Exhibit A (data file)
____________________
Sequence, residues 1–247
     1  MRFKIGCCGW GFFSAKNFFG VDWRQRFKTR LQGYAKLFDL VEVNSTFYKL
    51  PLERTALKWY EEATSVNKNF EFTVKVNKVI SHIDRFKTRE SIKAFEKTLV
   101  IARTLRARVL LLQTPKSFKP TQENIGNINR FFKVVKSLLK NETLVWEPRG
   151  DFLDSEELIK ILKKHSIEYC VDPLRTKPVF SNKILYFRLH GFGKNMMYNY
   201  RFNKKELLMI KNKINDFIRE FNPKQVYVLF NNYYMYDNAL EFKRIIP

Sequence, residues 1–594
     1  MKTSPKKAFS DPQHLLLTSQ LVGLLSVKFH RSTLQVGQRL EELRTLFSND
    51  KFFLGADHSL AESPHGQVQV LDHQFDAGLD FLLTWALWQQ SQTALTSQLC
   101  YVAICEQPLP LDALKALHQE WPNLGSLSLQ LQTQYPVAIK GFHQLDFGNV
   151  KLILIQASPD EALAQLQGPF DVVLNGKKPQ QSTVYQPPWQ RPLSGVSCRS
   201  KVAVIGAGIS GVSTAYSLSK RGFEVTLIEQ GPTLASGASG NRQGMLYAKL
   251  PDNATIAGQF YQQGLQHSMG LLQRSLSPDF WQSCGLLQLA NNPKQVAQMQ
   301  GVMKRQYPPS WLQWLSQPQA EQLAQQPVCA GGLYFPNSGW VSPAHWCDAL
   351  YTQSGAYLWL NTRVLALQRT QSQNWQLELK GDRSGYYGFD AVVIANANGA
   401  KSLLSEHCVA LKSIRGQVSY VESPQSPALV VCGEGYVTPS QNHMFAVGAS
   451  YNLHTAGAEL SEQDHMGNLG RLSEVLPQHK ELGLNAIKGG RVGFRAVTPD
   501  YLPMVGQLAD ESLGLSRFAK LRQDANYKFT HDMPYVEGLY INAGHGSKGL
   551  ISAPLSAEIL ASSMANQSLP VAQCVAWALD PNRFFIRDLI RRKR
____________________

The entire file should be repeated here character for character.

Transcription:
Sequence, residues 1–247
     1  MRFKIGCCGW GFFSAKNFFG VDWRQRFKTR LQGYAKLFDL VEVNSTFYKL
    51  PLERTALKWY EEATSVNKNF EFTVKVNKVI SHIDRFKTRE SIKAFEKTLV
   101  IARTLRARVL LLQTPKSFKP TQENIGNINR FFKVVKSLLK NETLVWEPRG
   151  DFLDSEELIK ILKKHSIEYC VDPLRTKPVF SNKILYFRLH GFGKNMMYNY
   201  RFNKKELLMI KNKINDFIRE FNPKQVYVLF NNYYMYDNAL EFKRIIP

Sequence, residues 1–594
     1  MKTSPKKAFS DPQHLLLTSQ LVGLLSVKFH RSTLQVGQRL EELRTLFSND
    51  KFFLGADHSL AESPHGQVQV LDHQFDAGLD FLLTWALWQQ SQTALTSQLC
   101  YVAICEQPLP LDALKALHQE WPNLGSLSLQ LQTQYPVAIK GFHQLDFGNV
   151  KLILIQASPD EALAQLQGPF DVVLNGKKPQ QSTVYQPPWQ RPLSGVSCRS
   201  KVAVIGAGIS GVSTAYSLSK RGFEVTLIEQ GPTLASGASG NRQGMLYAKL
   251  PDNATIAGQF YQQGLQHSMG LLQRSLSPDF WQSCGLLQLA NNPKQVAQMQ
   301  GVMKRQYPPS WLQWLSQPQA EQLAQQPVCA GGLYFPNSGW VSPAHWCDAL
   351  YTQSGAYLWL NTRVLALQRT QSQNWQLELK GDRSGYYGFD AVVIANANGA
   401  KSLLSEHCVA LKSIRGQVSY VESPQSPALV VCGEGYVTPS QNHMFAVGAS
   451  YNLHTAGAEL SEQDHMGNLG RLSEVLPQHK ELGLNAIKGG RVGFRAVTPD
   501  YLPMVGQLAD ESLGLSRFAK LRQDANYKFT HDMPYVEGLY INAGHGSKGL
   551  ISAPLSAEIL ASSMANQSLP VAQCVAWALD PNRFFIRDLI RRKR